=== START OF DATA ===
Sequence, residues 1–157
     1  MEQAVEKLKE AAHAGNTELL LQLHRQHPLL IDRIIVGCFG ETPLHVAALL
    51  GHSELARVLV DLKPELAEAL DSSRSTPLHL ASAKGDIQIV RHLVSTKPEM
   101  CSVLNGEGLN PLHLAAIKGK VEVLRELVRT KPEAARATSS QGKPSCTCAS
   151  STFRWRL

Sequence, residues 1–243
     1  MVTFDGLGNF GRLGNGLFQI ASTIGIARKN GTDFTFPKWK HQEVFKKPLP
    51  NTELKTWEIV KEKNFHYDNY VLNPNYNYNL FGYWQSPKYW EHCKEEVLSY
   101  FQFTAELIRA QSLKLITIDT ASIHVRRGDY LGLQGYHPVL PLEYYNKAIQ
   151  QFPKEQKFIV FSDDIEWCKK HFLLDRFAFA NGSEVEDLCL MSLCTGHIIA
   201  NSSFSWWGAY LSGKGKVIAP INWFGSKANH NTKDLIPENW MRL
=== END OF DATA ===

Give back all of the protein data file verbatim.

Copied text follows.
Sequence, residues 1–157
     1  MEQAVEKLKE AAHAGNTELL LQLHRQHPLL IDRIIVGCFG ETPLHVAALL
    51  GHSELARVLV DLKPELAEAL DSSRSTPLHL ASAKGDIQIV RHLVSTKPEM
   101  CSVLNGEGLN PLHLAAIKGK VEVLRELVRT KPEAARATSS QGKPSCTCAS
   151  STFRWRL

Sequence, residues 1–243
     1  MVTFDGLGNF GRLGNGLFQI ASTIGIARKN GTDFTFPKWK HQEVFKKPLP
    51  NTELKTWEIV KEKNFHYDNY VLNPNYNYNL FGYWQSPKYW EHCKEEVLSY
   101  FQFTAELIRA QSLKLITIDT ASIHVRRGDY LGLQGYHPVL PLEYYNKAIQ
   151  QFPKEQKFIV FSDDIEWCKK HFLLDRFAFA NGSEVEDLCL MSLCTGHIIA
   201  NSSFSWWGAY LSGKGKVIAP INWFGSKANH NTKDLIPENW MRL